In the past few years, there's been an explosion of "company stores" along Fifth. These are the stores that are a combined theme park and logo lode. Newest is the Warner Bros. Store, and it is packed every day with kids. They like the Batman show and the elevator that has Superman pushing it. Other company stores worth crowding in to see are: FAO Schwartz, (58th Street at Fifth), the world's biggest toy store with the dance-upon keyboard featured in "Big"; Golden Books Showcase, (Rockefeller Center), filled with life-size sound-story books, Tootle the Train, and a talking Poky Little Puppy; and the Sony Store (near Fifth on Madison) with loads of electronic toys for the big and little guys.
There are also the theme park/restaurants that will wow the kids. Go up Fifth to 57th Street, then go two blocks over to Broadway where the two biggest rival theme/restaurants battle for long lines: Hard Rock Cafe and Planet Hollywood. For my burger money, Planet Hollywood has a nicer wait staff and decor. If the wait is too long at either place, try Mickey Mantle's Restaurant and Sports Bar at 42 Central Park South, or the Harley-Davidson Cafe (you'll love that revolving motorcycle).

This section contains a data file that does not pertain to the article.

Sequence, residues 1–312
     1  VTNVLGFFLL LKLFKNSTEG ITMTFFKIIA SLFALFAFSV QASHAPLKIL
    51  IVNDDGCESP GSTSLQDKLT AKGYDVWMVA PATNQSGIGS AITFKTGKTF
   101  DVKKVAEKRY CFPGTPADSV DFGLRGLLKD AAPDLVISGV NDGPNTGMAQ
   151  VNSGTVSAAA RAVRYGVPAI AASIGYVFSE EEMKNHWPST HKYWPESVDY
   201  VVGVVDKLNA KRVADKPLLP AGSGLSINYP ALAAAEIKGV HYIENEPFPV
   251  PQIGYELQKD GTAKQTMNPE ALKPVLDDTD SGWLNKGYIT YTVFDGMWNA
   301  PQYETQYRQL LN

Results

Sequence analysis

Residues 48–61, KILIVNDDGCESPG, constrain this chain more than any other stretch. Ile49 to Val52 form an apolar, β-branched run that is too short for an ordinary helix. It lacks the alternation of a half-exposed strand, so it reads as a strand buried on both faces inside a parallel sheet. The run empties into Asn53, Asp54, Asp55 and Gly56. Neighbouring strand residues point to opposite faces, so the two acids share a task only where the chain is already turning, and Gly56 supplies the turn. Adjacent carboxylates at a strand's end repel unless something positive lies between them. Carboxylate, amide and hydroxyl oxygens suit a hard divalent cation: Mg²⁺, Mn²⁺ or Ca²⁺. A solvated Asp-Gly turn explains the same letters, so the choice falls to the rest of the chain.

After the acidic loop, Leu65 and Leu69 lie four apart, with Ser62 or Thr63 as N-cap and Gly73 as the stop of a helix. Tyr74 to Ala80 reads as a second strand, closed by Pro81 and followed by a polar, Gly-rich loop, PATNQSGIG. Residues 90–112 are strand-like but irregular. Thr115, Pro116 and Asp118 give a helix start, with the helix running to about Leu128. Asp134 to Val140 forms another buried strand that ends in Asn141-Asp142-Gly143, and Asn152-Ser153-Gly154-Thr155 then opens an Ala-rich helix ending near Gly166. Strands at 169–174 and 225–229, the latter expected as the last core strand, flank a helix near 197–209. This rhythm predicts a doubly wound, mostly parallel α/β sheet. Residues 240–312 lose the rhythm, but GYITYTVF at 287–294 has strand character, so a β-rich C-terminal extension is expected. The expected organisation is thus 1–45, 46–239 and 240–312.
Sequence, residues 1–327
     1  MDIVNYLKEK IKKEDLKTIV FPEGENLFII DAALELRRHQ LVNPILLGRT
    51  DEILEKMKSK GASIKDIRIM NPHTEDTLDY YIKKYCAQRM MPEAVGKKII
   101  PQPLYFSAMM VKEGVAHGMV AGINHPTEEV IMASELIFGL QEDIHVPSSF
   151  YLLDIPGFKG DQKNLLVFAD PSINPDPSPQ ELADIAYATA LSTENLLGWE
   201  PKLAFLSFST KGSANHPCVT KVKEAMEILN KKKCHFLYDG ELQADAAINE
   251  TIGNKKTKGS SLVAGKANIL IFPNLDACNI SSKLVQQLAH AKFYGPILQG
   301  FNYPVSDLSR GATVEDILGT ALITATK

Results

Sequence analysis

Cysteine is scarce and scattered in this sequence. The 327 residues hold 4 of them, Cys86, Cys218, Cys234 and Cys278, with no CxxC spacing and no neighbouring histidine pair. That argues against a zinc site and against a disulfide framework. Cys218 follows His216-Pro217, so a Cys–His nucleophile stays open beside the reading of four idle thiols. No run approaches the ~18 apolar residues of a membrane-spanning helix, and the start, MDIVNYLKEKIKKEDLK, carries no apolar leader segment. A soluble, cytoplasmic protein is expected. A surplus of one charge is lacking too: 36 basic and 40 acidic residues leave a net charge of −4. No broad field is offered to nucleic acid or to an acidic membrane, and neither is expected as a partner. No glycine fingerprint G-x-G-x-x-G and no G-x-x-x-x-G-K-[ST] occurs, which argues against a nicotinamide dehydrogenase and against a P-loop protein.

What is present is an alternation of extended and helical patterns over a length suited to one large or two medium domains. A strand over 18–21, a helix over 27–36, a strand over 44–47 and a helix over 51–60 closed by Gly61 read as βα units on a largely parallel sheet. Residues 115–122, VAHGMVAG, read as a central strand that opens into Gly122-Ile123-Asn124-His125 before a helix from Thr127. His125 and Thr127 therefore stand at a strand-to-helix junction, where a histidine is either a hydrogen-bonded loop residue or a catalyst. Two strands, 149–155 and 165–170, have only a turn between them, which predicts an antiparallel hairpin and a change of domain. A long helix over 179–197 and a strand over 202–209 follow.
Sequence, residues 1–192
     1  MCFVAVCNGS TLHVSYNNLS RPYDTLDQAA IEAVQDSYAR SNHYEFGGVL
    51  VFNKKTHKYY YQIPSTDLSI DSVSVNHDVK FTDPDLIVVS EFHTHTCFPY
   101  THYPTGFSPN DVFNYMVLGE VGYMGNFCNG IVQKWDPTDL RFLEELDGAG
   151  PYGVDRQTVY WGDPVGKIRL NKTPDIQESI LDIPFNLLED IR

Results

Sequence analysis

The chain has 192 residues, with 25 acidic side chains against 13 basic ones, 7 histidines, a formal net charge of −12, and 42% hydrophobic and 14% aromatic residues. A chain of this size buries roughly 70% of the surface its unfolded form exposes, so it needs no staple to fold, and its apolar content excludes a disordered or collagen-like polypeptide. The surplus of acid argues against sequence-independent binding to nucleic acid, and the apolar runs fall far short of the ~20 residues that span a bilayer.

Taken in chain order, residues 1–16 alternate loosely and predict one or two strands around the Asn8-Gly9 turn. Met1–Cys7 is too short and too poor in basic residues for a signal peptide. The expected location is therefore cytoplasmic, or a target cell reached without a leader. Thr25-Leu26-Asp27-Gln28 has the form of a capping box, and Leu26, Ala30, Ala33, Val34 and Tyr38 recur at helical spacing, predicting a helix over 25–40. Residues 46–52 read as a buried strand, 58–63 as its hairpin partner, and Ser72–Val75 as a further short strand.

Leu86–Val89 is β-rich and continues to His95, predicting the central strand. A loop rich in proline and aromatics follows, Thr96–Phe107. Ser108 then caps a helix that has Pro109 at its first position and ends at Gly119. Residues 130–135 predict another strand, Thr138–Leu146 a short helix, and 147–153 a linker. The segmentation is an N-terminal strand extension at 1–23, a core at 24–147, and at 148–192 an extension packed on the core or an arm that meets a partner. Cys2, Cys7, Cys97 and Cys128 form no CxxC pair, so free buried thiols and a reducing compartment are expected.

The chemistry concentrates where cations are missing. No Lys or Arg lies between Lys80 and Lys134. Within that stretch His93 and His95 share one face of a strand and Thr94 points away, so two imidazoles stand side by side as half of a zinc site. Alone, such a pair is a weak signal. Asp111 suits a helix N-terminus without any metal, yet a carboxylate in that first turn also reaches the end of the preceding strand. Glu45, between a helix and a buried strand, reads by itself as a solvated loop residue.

The Rockefeller Center tree is formally lighted this Friday. As the tallest Christmas tree in the country, it is an awe-inspiring sight. At the Metropolitan Museum of Art, the trees are covered with 300-year-old figures from Neapolitan Baroque creches. Also claiming the biggest prize -- at 32 feet high -- is the menorah on 59th and Fifth.
Once you've grown tired of walking, it's time for a show. Best bet for kids is Radio City Music Hall's Christmas Spectacular. Actually, spectacle is more like it, for where else could you see a real-life nativity scene that comes with camels and sheep? The precision of the high-kicking Rockettes is something you can appreciate only in person.
Another show just for the holidays is the new musical, "A Christmas Carol," with music written by Alan Menken, of "Aladdin." The other hit with kids is Broadway's "Beauty and the Beast" production. Tickets start at $65. The night I went with my 3-year-old son, there were about 60 other kids under age 10. For discount tickets, try the TKTS booth (47th and Broadway) early on the day you plan to go.